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5 tax tasks to take care after you've filed your return

Including some amended filing considerations that are affected this year by COVID-19 law changes.

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Photo by Ann H from Pexels

It's been a week since Tax Day 2021. Those of us who submitted our tax returns have just been enjoying being done with the Internal Revenue Service for another year.

But maybe we should give Uncle Sam's tax collector a little more thought before we finally wrap up this tax season.

Here are 5 tax matters you need to consider so that you can completely clear your 2020 tax year decks.

1. Check your refund status: This is the biggie every year for taxpayers who are expecting to get some money back in connection with their filings. The Internal Revenue Service is standing by its perennial advice here: Use the agency's Where's My Refund? feature.

In addition to being available on the IRS' web page, you also can find the online tracking tool on the IRS2Go app. Taxpayers without access to a computer can check their refund's status by calling toll-free (800) 829-1954.

Whichever refund tracking option you choose, you'll need to provide your Social Security number, tax filing status, and the exact amount of the refund shown on your 2020 return.

I know you want your money yesterday, but the IRS reminds us that the data on Where's My Refund? is updated just once a day, usually overnight, so checking repeatedly is not going get you any more information sooner.

2. Review your payroll withholding: A lot of taxpayers intentionally get tax refunds. They use overwithholding from their paychecks as a forced savings account. I get it. It's an easy way to make sure you don't spend every penny you earn. But it also means you must wait until tax filing season to access your money that's locked away in the Bank of Uncle Sam.

A better move might be to adjust your withholding and then put the amount that had been going to overpaid income taxes into a bank or credit union savings account. Most financial institutions will let you set up automatic deposits from your pay. That way you still don't see the money so you aren't tempted to spend it, but it's readily available in case of emergency, such as auto repair or your youngster's broken arm.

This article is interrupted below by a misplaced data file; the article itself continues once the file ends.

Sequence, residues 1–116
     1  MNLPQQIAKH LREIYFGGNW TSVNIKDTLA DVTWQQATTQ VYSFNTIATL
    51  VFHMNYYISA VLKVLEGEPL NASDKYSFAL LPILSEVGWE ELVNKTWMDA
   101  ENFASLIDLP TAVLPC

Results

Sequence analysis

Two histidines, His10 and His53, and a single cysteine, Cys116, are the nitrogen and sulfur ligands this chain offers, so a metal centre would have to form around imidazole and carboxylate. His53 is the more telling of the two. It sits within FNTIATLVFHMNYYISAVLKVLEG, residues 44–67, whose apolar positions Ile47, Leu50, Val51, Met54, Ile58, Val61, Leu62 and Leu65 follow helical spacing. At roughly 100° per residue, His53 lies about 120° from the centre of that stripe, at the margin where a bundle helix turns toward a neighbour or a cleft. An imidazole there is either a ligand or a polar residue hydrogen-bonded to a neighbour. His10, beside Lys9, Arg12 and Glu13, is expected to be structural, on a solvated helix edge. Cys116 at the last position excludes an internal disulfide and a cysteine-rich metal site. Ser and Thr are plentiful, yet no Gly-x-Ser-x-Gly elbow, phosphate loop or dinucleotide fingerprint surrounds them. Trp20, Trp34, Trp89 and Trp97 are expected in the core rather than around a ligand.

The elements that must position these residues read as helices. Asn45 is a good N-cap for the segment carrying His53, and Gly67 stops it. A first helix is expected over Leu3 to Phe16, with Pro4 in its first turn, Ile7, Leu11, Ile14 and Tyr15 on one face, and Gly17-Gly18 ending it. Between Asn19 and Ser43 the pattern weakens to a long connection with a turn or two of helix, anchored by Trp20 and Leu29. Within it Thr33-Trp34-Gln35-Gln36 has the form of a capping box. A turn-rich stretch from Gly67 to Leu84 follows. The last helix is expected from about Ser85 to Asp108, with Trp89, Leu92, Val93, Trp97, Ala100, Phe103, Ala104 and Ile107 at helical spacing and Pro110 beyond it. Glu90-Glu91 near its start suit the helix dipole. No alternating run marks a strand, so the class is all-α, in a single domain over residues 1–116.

Adjusting your withholding is easy. Start by using the IRS' online Tax Withholding Estimator. It will help you make sure you're withholding the appropriate amount to avoid either owing or getting a huge refund at tax filing time.

Once you get the revised withholding amount, complete a new Form W-4 and give it to your payroll administrator. The results will show up in your next (more nearly next) paycheck.

3. Explore tax payment possibilities: Last week when you filed your 2020 Form 1040 or Form 4868 to get an extension, you paid all the tax you owed, right? If not, then you need to look at how to take care of any remaining balance. Now.

If you miscalculated and owe more than you paid, penalty and interest charges have been adding up for almost a week now. You can stop that by getting the rest to the U.S. Treasury now. The quickest of the many ways to pay taxes and stop those additional accruing charges is to pay electronically.

If, however, you don't have the cash on hand or your credit cards are maxed out, look into setting up a payment plan with the IRS.

4. File away your 2020 tax material: You did a great job of gathering all the documents you needed to file your tax return. Now it's time to store them.

My post with tax document record keeping suggestions is a good template to follow, even if I say so myself. The key record that everyone should keep forever is your actual Form 1040. Note, though, that this isn't just the 1040 itself, but all the supporting forms and schedules.

These official tax documents, either as paper or digital copies (or both if, like me, you're obsessive about documentation) are proof you met your annual tax-filing obligation. They also come in handy if you later find you need to file an amended return (more on this coming up in #5).

You also should keep supporting material that you used to fill out your return. That will help you show the IRS your work if it comes asking questions later.